And as for the “cult of Abba” - well where would the Aussies be without them? Films such as Muriel’s Wedding and Priscilla, Queen of the Desert feature Abba songs and anecdotes as a mainstay of their plots, and Bjorn Again sell out huge venues much as their idols always did!

Abba is, and always will be, a unique phenomenon.


Monday, 6 April 2009

Loco Mia

Heavens to Betsy! When I started posting tacky music every Monday to cheer up the prospect of going to work after the weekend [I wish, at the mo!], I never realised quite what a scrummy obsession this would become...

Here, for your delectation and entertainment is our latest discovery by a little-known 80s Spanish boy band (what else!). Oh, the shoulder pads! The fans! The hair...

Saturday, 4 April 2009

Abnormally Attracted to Kate



Professional eccentric Tori Amos returns this month with a new single Welcome to England from her forthcoming album Abnormally Attracted to Sin.

Continuing her homage to a far more talented artiste, Ms Amos has decided this time not just to mould herself upon the divine Kate Bush but she appears to have nicked the song wholesale from Lionheart too.

Which do you prefer? This..?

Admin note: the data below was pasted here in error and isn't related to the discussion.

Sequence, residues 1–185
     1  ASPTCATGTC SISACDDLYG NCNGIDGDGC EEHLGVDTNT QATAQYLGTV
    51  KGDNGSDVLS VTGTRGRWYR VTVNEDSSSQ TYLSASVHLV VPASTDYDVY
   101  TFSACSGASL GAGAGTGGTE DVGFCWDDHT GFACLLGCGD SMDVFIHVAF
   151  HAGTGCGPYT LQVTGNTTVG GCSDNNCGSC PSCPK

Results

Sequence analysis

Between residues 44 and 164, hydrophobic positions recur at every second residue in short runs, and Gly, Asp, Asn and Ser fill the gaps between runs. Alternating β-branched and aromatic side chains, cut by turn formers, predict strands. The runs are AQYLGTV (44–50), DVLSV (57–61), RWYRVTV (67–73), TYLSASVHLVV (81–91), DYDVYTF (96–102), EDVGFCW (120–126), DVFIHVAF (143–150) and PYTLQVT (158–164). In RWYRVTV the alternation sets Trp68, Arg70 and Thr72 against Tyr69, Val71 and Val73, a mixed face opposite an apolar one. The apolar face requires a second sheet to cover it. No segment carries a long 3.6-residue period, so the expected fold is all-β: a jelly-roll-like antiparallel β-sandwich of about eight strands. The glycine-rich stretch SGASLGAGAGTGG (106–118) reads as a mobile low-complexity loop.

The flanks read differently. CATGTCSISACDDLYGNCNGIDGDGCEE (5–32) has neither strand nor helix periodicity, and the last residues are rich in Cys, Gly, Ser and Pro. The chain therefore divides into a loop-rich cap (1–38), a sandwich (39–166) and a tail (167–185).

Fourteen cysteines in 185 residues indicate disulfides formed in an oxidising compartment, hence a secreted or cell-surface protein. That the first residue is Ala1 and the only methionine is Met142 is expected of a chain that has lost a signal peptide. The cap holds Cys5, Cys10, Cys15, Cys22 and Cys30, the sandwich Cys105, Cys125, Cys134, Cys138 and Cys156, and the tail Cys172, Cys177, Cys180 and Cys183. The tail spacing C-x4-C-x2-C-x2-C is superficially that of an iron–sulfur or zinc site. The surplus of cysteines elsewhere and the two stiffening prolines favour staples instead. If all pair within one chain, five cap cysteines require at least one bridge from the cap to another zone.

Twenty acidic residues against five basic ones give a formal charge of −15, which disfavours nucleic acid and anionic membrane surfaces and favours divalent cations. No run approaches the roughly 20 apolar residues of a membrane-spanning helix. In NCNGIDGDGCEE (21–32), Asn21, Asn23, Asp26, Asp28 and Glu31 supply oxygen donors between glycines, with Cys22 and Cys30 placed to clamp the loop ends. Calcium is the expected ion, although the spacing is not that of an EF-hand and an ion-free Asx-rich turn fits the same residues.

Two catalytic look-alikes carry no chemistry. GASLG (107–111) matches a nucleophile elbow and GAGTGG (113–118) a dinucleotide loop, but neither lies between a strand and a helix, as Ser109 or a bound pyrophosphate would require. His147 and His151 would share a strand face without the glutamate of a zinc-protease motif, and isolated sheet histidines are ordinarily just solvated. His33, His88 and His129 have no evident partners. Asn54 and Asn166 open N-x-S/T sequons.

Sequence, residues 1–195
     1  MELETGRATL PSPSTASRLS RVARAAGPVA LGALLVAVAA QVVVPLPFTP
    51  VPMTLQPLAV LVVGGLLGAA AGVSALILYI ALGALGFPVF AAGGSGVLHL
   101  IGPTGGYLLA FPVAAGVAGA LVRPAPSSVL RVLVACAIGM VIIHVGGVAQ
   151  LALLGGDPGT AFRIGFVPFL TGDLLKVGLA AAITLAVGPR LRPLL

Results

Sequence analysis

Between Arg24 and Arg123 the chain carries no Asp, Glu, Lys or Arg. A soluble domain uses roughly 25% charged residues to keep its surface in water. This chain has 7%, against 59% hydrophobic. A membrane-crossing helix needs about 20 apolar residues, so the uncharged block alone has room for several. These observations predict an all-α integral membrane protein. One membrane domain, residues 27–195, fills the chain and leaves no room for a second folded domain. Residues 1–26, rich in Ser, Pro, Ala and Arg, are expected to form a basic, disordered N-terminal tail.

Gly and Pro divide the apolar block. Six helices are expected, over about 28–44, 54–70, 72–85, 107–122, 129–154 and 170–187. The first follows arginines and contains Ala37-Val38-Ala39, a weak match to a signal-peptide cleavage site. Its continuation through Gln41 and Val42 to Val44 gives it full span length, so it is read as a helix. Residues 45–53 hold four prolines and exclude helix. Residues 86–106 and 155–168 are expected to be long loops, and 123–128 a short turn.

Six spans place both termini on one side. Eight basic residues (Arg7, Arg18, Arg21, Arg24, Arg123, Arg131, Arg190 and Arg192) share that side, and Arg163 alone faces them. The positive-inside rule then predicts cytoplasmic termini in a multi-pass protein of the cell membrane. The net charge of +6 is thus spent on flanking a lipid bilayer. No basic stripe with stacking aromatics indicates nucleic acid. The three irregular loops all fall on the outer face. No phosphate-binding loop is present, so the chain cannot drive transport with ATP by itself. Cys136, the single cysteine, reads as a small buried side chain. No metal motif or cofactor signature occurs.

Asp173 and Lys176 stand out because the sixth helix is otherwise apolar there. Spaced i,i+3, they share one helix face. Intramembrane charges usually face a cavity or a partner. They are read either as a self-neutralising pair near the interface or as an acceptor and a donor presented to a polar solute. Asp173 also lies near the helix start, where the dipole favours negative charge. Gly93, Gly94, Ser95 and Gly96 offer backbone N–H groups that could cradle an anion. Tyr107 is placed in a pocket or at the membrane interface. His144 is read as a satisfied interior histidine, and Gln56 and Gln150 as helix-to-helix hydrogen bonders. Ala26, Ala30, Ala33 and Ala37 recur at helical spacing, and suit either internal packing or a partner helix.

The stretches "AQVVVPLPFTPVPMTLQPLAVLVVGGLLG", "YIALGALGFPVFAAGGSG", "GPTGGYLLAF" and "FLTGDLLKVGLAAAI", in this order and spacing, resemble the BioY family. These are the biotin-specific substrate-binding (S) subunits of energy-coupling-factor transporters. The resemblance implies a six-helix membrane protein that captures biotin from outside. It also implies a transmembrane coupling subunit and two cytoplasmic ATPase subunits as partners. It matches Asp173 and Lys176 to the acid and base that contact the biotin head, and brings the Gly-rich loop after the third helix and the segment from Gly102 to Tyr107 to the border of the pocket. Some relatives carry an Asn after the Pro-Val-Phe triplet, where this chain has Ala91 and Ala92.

Or this..?

Friday, 3 April 2009

Happy Doris Day!



Happy 85th birthday today to the fabulous Doris Day!

Born Doris Mary Ann von Kappelhoff in 1924 to German immigrants, she taught herself to sing by listening to Ella Fitzgerald records and began her climb to the top as a singer with Les Brown and his big band, and as an actress in numerous unmemorable romantic movies. She went on to sing with the top bandleader Harry James - most famously recording with him Young Man With a Horn (from her film about the life of Bix Beiderbecke, co-starring Kirk Douglas).

Her real breakthrough of course was the fabulous Calamity Jane in 1953, which not only made Doris Day an international movie star, but also won an Oscar for her classic (often lauded as a gay love song) Secret Love. This is one of my favourite musical soundtracks of the era - with sing-a-long tunes such as The Deadwood Stage and Black Hills of Dakota, it is guaranteed to provide the backdrop to many a party round our place...

From this stunning success she went on to star with Frank Sinatra in Young at Heart, with Jimmy Cagney in the Ruth Etting biopic Love Me Or Leave Me (both of which also provided million-selling soundtrack songs), and with James Stewart in Hitchcock's The Man Who Knew Too Much, from which came the magnificent Que Sera Sera - Doris Day's signature tune from then on.